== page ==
UPDATED 08:00 EST / JULY 27 2021


Edge AI chip startup Blaize bags $71M in late-stage funding

Artificial intelligence chip startup Blaize Inc. has gotten the funding it needs to support the growing industry demand for its platform after closing on a $71 million late-stage round of funding.

Today’s Series D round was led by new investor Franklin Templeton and existing investor Temasek, with participation from DENSO and other new and existing investors, and brings the company’s total amount raised to $155 million.

Blaize has created a specialized computer chip for high-performance AI workloads. It’s called the Graph Streaming Processor, and it’s based on a unique chip architecture that sees neural networks implemented in the form of a graph data structure.

The GSP is further equipped with optimizations designed to run those graphs. They include a feature that’s designed to save on power by reducing the amount of times data is moved to and from memory while being processed.

This architecture enables Blaize’s GSPs to deliver a very high level of performance. They can run AI models up to 60 times more efficiently than traditional central processing units and graphics cards, for example. Moreover, the GSPs can manage up to 16 trillion operations per second while consuming just seven watts of power, equivalent to what a smart light bulb runs on.

Blaize is pushing for companies to deploy its hardware at the network edge, where AI applications can benefit from having lots of processing power on site. By doing so, that negates the need to send data to a far-flung data center to be processed, cutting down on latency.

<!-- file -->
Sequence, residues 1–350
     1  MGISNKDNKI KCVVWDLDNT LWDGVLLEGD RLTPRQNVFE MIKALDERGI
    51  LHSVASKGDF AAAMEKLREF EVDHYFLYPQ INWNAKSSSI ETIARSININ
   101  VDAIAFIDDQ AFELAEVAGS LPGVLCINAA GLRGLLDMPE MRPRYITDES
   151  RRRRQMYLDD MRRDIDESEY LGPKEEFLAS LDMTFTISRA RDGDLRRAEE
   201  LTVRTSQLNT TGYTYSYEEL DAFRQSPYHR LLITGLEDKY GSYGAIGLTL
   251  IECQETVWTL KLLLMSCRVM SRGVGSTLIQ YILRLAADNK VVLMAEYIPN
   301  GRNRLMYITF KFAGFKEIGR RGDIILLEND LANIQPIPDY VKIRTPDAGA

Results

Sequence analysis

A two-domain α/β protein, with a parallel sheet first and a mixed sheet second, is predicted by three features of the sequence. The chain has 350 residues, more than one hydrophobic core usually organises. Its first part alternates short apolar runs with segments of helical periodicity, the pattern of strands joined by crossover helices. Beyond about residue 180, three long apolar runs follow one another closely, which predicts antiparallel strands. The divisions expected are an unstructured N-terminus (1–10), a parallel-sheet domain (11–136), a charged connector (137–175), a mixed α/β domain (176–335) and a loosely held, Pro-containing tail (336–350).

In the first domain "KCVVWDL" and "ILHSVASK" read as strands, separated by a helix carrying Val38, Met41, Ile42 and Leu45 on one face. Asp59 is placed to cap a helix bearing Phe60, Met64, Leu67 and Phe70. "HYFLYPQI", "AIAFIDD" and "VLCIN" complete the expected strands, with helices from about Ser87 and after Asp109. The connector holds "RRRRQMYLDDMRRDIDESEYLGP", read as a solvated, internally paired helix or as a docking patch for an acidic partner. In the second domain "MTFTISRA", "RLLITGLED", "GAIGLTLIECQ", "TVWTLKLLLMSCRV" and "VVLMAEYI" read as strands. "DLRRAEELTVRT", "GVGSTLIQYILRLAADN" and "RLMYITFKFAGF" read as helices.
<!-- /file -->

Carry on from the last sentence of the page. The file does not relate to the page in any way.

To that end, the company last year announced new hardware modules to help deploy its GSPs at the edge. They included a module called Pathfinder P1600 that can be integrated with connected devices such as industrial sensors so they can process data they generate on the spot. So a manufacturer could link the P1600 powered by the Blaize chips to cameras on its factory floor in order to spot defective components during production, for example.

The company’s other modules are designed for desktop computers and servers located at remote locations such as branch offices and retail stores.

JP Scandalios, Franklin Templeton’s senior vice president and portfolio manager, said Blaize has already shown it offers value by helping customers tap into AI at the edge. “Automotive, and numerous edge AI markets, such as retail and metro, hold tremendous potential for Blaize to expand on their early market position as the adoption of AI at the edge accelerates, creating a new wave of industrial systems,” he said.

Blaize Chief Executive Dinakar Mungala said today’s round leaves the company well-positioned to sustain its lead in delivering integrated hardware and software offerings that enable this value creation.

Blaize said it will use the funding to accelerate its product roadmap to meet what it says is growing demand for high-performance, lower-power and low-cost AI hardware and software in segments such as automotive, smart retail and industry.

Image: Blaize

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